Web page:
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I have an ASUS laptop where I'd like to migrate my Windows 10 installation from the HDD it's currently installed on to a new SSD.

I plan to do this by cloning the relevant partitions on the HDD over to the SSD so I can later setup the SSD as my default boot drive. I plan to keep the HDD in the machine as storage.

In my cloning software, I can choose which partitions on the HDD to clone. Other than the obvious C: drive where Windows is installed I see a list of small partitions that I am not familiar with.

And there is this partition number 4 which doesn't fit in my SSD since the capacity is 240 GB.

closed as primarily opinion-based by JakeGould, bertieb, DrMoishe Pippik, Twisty Impersonator, udo Aug 8 '18 at 11:53

Many good questions generate some degree of opinion based on expert experience, but answers to this question will tend to be almost entirely based on opinions, rather than facts, references, or specific expertise. If this question can be reworded to fit the rules in the help center, please edit the question.

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    Partition 4 should fit just fine. The one that will cause trouble is partition 3, your main partition. However, most cloning software has the ability to resize partitions. – music2myear Jul 25 '18 at 17:56
  • You are right, I dont know why i see gb not mb. – Hector Gurle Jul 25 '18 at 17:59
  • @EdgarM - Most software changes the units from MB to GB once you have more than 1,000 MB. This is because 1 TB is around 1,000,000 MB or simply 1,000 GB. You also have to remember that 1,000 MB is 1 GB. (1,000 * 1,000 = 1,000,000 ) – Ramhound Jul 25 '18 at 18:11
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If your partition layout is standard factory setup, I highly recommend that you clone all partitions to the SSD. These small partitions are for boot and recovery. Check out this link.

I don't know what software you're using to clone, but you'll need to resize these large partitions to fit in the new device - in fact, if they're not exceeding the maximum SSD total size. Softwares like Acronis TrueImage does this job very well, but it's proprietary and not free.

You can also delete unused files, defrag and resize these partitions through Windows itself before start the cloning procedure.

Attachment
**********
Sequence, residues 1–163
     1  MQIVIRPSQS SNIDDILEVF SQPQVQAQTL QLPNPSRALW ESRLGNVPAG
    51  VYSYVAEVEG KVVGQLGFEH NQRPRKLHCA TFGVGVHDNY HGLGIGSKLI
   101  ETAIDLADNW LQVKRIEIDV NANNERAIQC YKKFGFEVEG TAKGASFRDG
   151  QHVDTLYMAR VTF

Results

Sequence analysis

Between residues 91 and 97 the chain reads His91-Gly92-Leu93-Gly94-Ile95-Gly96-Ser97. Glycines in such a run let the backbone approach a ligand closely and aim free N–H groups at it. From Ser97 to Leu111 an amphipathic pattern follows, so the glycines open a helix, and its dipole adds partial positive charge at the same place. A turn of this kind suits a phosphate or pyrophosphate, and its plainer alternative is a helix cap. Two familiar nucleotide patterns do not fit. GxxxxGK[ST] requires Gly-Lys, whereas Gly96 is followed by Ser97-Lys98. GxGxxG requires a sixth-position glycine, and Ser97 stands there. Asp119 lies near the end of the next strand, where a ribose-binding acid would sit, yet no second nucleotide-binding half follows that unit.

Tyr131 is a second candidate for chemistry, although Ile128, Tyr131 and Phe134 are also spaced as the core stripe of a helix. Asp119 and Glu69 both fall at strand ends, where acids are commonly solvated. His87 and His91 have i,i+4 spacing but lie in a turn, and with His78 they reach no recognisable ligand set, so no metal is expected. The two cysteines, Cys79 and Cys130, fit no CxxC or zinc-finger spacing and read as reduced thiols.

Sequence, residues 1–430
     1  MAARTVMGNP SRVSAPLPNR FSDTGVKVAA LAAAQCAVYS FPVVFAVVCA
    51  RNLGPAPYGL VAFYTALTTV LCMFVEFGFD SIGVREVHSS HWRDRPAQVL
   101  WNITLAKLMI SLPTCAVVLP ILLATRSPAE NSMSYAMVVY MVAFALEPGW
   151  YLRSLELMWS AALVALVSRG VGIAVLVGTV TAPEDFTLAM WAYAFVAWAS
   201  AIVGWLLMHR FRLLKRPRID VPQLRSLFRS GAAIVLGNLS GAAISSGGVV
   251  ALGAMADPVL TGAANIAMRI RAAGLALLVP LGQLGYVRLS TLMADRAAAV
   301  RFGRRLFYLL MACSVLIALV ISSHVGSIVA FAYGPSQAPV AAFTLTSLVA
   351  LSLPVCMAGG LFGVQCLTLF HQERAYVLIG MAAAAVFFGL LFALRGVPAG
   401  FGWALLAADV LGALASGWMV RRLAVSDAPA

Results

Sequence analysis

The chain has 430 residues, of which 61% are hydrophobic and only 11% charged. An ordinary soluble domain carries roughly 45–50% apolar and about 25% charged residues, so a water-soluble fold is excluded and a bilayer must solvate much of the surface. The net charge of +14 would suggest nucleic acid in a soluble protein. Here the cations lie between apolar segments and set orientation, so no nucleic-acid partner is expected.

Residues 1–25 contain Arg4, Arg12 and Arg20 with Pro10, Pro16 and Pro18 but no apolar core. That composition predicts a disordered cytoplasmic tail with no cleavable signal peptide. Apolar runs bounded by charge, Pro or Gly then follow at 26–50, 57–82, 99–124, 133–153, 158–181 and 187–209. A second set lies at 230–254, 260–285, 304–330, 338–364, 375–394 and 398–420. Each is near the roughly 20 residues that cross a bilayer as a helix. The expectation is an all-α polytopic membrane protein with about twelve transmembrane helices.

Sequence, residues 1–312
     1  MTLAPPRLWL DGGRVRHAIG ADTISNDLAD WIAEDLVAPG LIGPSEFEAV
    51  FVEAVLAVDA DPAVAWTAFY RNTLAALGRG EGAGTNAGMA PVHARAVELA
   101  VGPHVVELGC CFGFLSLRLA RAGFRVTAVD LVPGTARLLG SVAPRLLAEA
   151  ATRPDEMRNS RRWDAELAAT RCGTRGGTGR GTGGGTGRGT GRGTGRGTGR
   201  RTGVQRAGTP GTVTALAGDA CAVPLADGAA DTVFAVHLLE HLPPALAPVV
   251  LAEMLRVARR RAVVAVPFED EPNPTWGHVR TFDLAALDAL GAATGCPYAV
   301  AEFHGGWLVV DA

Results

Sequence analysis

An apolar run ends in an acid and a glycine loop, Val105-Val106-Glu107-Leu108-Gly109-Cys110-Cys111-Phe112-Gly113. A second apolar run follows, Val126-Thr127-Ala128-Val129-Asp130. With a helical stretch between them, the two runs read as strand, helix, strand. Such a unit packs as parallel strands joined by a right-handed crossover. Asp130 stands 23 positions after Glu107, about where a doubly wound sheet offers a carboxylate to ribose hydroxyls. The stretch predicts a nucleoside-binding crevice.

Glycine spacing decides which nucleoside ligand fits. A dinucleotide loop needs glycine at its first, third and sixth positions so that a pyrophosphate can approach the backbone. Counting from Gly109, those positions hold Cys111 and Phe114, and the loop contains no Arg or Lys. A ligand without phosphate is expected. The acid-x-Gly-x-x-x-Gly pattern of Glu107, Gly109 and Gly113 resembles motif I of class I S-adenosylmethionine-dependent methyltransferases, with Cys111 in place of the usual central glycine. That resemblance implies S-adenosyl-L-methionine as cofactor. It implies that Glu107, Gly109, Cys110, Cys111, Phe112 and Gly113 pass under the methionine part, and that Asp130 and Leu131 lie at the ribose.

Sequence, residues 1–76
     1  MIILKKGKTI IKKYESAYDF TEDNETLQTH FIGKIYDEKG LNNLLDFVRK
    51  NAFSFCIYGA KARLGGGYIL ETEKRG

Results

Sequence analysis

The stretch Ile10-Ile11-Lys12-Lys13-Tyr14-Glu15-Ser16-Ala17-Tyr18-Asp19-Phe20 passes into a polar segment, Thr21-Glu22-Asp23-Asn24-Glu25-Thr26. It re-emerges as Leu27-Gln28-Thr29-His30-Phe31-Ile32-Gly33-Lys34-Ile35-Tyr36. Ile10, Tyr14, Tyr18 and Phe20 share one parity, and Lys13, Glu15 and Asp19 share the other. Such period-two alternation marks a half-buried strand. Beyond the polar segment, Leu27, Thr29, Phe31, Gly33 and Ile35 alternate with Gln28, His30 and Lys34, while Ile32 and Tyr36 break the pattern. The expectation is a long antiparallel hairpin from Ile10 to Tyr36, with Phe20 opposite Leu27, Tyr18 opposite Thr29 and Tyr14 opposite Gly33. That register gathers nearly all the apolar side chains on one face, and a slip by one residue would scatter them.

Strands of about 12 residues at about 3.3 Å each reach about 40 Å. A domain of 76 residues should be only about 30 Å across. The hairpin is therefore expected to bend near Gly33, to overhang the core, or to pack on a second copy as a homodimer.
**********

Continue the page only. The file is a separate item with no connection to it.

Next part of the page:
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Windows 10 needs 2 or 3 partitions, depending on if you use MBR or GPT

  • A system partition of about 100 mb (or larger)
  • A microsoft reserved partition (MSR) of 16 mb which cannot store data, but is present for managing partitions. (required for a GPT layout)
  • A recovery partition of about 450 mb (optional)
  • A data partition (of minimal 16gb but usually spans 50% or more of the drive) which holds the C:\ partition where Windows is installed.

A rule of thumb for cloning a harddrive, and ensure that it works: - Clone all the small partitions and the main data partition. The small partitions will be less than 1 GB of size.

It is possible to find a recovery partition of say... 2GB or more. This is often done by the manufacturer to restore the pc to factory defaults and has an image of what the C drive would be. This partition can be safely deleted if you do not care to restore the pc to factory defaults by using a keypress at boot.

It is important to look at what partition table the old harddisk is partitioned. If it is partitioned using MBR, then the SSD needs to be partitioned as MBR too. If the old harddisk is partitioned as GPT, then the SSD needs to be partitioned as GPT too.

Looking at your screenshot, you have a GPT based partition scheme and all 4 partitions are required for windows 10 to work. The size of the biggest partition (3rd) could be resized, but the others should remain the same size, to ensure that windows will boot.

I know that AOMEI Partition manager(free) can actually do all this. It can resize partitions, but also clone a HDD to SSD.

Sources:
- Microsoft - UEFI/GPT-based hard drive partitions
- Microsoft - BIOS/MBR-based hard drive partitions

  • @Ramhound that's why the 3rd partition says (optional), and the MSR partition is only required for a GPT style partition. How can I reword this better so others understand it too? – LPChip Jul 25 '18 at 18:00

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